U.S. Catholics should, of course, pray for Christians and all other minorities subject to persecution. But they must also get involved. They must, as it were, exercise their religious freedom by demanding that their own government pay more than lip service to the cause of international religious freedom.
Currently, the position of U.S. ambassador-at-large for international religious freedom is vacant. It should be filled immediately by a capable senior diplomat who understands the importance of religious freedom, not only as a humanitarian issue, but as a national security issue for the United States. The new ambassador should understand how religious freedom is necessary to stability in places like Egypt and Iraq and should be given the authority and resources to be successful.
About Thomas Farr:
Thomas Farr is the director of the Religious Freedom Project at Georgetown University's Berkley Center and a visiting associate professor of religion and international affairs at Georgetown's Edmund A. Walsh School of Foreign Service. A former American diplomat, he is a leading authority on international religious freedom.
Copyright © 2014 EWTN News, Inc. All rights reserved.
By Nina Shea
Best-selling author, film director, women's-rights advocate, former Dutch parliamentarian, Islamist death-threat survivor, refugee from a Somalian forced marriage, and a fierce champion of individual freedoms - that of others as well as her own - Ayaan Hirsi Ali has demonstrated her courage once more. In the cover story she penned for the current issue of Newsweek, entitled "The War on Christians," which is excerpted in The Daily Beast, Hirsi Ali gives a tour d'horizon of the most politically incorrect subject of all human-rights reporting: the ongoing religious persecution of Christians in the Muslim world. It makes heartbreaking reading.
She criticizes the media for giving short shrift to this development, favoring instead the narrative that Muslims are the victims of religious persecution by the West. She writes:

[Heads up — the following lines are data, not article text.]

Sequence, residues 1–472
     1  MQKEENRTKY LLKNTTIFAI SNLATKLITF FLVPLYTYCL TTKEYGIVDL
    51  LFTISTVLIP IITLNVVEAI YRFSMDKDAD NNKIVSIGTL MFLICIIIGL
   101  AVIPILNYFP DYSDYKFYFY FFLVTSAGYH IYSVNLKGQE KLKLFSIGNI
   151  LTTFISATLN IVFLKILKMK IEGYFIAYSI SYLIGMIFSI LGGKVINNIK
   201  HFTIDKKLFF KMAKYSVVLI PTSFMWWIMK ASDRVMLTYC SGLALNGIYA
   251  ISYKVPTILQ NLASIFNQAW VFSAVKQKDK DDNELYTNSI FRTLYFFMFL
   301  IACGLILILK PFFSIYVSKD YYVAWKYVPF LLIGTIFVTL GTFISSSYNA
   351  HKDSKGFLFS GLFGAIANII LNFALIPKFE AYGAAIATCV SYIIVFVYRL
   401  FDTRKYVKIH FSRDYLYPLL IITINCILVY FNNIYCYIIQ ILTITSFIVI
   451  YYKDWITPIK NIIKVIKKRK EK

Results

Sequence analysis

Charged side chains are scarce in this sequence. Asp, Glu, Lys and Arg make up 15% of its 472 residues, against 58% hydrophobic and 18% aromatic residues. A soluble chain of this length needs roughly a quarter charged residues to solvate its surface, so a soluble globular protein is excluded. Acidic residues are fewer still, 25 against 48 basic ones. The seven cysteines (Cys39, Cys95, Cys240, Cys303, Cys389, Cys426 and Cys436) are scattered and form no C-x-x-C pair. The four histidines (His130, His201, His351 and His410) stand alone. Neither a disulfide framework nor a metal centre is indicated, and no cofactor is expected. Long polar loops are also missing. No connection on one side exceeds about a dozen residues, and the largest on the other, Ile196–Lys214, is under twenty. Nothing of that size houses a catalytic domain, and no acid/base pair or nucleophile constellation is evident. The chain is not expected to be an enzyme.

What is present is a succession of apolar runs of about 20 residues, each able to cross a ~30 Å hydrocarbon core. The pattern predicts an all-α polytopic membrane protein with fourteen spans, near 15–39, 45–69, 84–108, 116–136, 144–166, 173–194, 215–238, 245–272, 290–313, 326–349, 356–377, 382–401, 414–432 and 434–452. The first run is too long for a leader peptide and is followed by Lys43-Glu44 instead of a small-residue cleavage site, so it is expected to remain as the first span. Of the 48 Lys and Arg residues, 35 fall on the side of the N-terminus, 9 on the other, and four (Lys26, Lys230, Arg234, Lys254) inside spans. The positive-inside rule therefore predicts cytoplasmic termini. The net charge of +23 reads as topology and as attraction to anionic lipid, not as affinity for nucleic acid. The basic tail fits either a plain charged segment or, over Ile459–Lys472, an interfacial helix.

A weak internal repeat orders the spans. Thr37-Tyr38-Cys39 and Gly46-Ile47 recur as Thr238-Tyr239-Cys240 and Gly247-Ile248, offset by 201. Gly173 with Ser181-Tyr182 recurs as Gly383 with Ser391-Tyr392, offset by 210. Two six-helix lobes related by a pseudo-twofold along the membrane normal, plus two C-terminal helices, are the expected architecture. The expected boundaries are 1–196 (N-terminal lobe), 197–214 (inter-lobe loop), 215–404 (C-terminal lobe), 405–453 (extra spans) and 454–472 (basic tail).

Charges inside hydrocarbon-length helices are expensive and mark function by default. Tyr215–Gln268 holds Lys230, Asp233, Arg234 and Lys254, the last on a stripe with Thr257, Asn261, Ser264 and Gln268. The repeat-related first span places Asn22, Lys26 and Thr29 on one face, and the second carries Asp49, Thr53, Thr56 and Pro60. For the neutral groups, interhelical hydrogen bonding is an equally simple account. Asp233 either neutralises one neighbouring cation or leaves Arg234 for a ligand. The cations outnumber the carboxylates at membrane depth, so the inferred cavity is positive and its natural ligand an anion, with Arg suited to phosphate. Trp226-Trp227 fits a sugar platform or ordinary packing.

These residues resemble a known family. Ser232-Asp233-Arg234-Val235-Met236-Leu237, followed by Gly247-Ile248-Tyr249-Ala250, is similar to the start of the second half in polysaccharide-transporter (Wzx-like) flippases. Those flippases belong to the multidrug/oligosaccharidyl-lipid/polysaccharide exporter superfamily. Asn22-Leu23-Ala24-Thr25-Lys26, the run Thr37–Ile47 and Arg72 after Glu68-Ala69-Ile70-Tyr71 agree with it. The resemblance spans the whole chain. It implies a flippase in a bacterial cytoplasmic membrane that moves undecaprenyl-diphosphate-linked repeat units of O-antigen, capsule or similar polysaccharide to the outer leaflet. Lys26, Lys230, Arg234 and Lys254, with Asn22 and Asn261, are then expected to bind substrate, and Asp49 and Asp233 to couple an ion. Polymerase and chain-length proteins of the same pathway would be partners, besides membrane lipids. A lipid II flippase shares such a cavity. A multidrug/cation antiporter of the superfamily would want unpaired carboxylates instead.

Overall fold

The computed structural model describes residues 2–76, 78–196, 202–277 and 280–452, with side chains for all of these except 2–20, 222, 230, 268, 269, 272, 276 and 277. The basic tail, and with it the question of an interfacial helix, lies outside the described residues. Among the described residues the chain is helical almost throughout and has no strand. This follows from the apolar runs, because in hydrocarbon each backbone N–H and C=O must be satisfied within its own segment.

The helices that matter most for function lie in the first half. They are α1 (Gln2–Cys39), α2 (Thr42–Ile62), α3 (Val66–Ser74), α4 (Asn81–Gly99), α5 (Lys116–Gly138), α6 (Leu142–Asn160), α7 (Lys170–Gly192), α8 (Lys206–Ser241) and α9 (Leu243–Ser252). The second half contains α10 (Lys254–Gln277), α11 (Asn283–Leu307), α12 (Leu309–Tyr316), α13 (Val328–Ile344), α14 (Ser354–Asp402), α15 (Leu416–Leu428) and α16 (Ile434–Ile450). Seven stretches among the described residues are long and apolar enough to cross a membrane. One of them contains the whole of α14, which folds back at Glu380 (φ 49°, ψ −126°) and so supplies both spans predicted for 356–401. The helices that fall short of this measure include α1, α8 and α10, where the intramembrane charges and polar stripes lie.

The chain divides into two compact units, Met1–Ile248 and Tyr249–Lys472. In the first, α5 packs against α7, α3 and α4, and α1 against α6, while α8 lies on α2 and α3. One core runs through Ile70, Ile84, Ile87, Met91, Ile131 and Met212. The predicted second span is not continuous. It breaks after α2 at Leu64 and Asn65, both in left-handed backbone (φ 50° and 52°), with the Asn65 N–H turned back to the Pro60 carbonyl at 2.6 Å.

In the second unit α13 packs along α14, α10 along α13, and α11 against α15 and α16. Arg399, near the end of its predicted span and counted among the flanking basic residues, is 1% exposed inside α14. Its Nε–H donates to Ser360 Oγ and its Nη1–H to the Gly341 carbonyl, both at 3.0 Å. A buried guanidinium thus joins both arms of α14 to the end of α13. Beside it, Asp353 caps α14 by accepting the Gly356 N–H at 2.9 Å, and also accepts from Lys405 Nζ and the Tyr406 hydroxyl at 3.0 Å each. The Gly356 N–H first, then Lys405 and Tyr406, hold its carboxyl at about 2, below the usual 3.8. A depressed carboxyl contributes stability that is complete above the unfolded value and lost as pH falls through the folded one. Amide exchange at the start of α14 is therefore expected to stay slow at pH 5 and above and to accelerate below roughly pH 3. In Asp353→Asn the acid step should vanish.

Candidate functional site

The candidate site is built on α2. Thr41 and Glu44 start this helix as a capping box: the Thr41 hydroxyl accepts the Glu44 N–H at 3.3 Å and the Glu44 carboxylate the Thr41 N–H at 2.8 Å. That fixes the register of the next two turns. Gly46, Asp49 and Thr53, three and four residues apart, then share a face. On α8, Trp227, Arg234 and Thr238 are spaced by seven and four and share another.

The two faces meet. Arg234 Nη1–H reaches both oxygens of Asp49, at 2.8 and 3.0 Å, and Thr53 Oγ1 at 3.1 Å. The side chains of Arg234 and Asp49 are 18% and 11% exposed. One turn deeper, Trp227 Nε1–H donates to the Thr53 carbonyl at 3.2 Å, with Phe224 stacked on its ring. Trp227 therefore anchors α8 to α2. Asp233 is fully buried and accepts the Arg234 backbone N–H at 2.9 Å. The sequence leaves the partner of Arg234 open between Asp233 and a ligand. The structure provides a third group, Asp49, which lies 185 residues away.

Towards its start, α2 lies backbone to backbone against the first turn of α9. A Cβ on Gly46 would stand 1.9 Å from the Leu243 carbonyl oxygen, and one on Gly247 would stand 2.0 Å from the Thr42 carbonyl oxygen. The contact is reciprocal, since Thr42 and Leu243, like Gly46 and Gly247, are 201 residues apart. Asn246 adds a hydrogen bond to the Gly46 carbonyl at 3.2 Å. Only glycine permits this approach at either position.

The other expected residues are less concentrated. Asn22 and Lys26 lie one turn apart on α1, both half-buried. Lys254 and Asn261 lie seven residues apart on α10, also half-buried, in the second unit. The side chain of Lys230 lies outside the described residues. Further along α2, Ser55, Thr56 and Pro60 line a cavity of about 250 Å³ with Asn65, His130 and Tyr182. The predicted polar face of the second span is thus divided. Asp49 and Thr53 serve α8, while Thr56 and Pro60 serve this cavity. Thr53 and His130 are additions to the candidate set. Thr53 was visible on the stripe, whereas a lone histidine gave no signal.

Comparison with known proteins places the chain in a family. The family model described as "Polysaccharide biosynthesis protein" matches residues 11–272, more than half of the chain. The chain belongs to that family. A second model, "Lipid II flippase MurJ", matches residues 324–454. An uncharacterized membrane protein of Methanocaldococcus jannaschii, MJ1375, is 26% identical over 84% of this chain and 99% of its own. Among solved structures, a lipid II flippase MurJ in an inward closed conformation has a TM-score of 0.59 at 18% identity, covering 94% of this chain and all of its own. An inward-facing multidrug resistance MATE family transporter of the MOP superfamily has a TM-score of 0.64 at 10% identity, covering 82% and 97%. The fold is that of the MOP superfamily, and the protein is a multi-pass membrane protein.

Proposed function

But a fair-minded assessment of recent events and trends leads to the conclusion that the scale and severity of Islamophobia pales in comparison with the bloody Christophobia currently coursing through Muslim-majority nations from one end of the globe to the other.
The international media does report on the isolated anti-Christian atrocity: the Nigerian church that was blown up last Christmas, the Egyptian Coptic demonstrators killed for protesting religious persecution in October, and the 2010 Iraqi church bombing (the 70th documented church bombing in that country since 2003), which killed or maimed three priests and everyone else in it, to cite but a few examples. But it rarely looks at the global pattern, or even national patterns, and their significance.
As Hirsi Ali asserts, this is an urgent issue: "The conspiracy of silence surrounding this violent expression of religious intolerance has to stop. Nothing less than the fate of Christianity - and ultimately of all religious minorities - in the Islamic world is at stake." Unfortunately, Arab democracy in Iraq and Egypt, the ancient homelands of two of the three largest Middle Eastern Christian communities, seems to be exacerbating the religious persecution.
In her piece, she observes that Muslim violence against Christians is on the rise in many areas, and she agrees with my conclusion, included in the same Newsweek issue, that Christians in Iraq, Egypt, Pakistan, northern Nigeria, and a number of other places have lost the protection of their societies. She comments: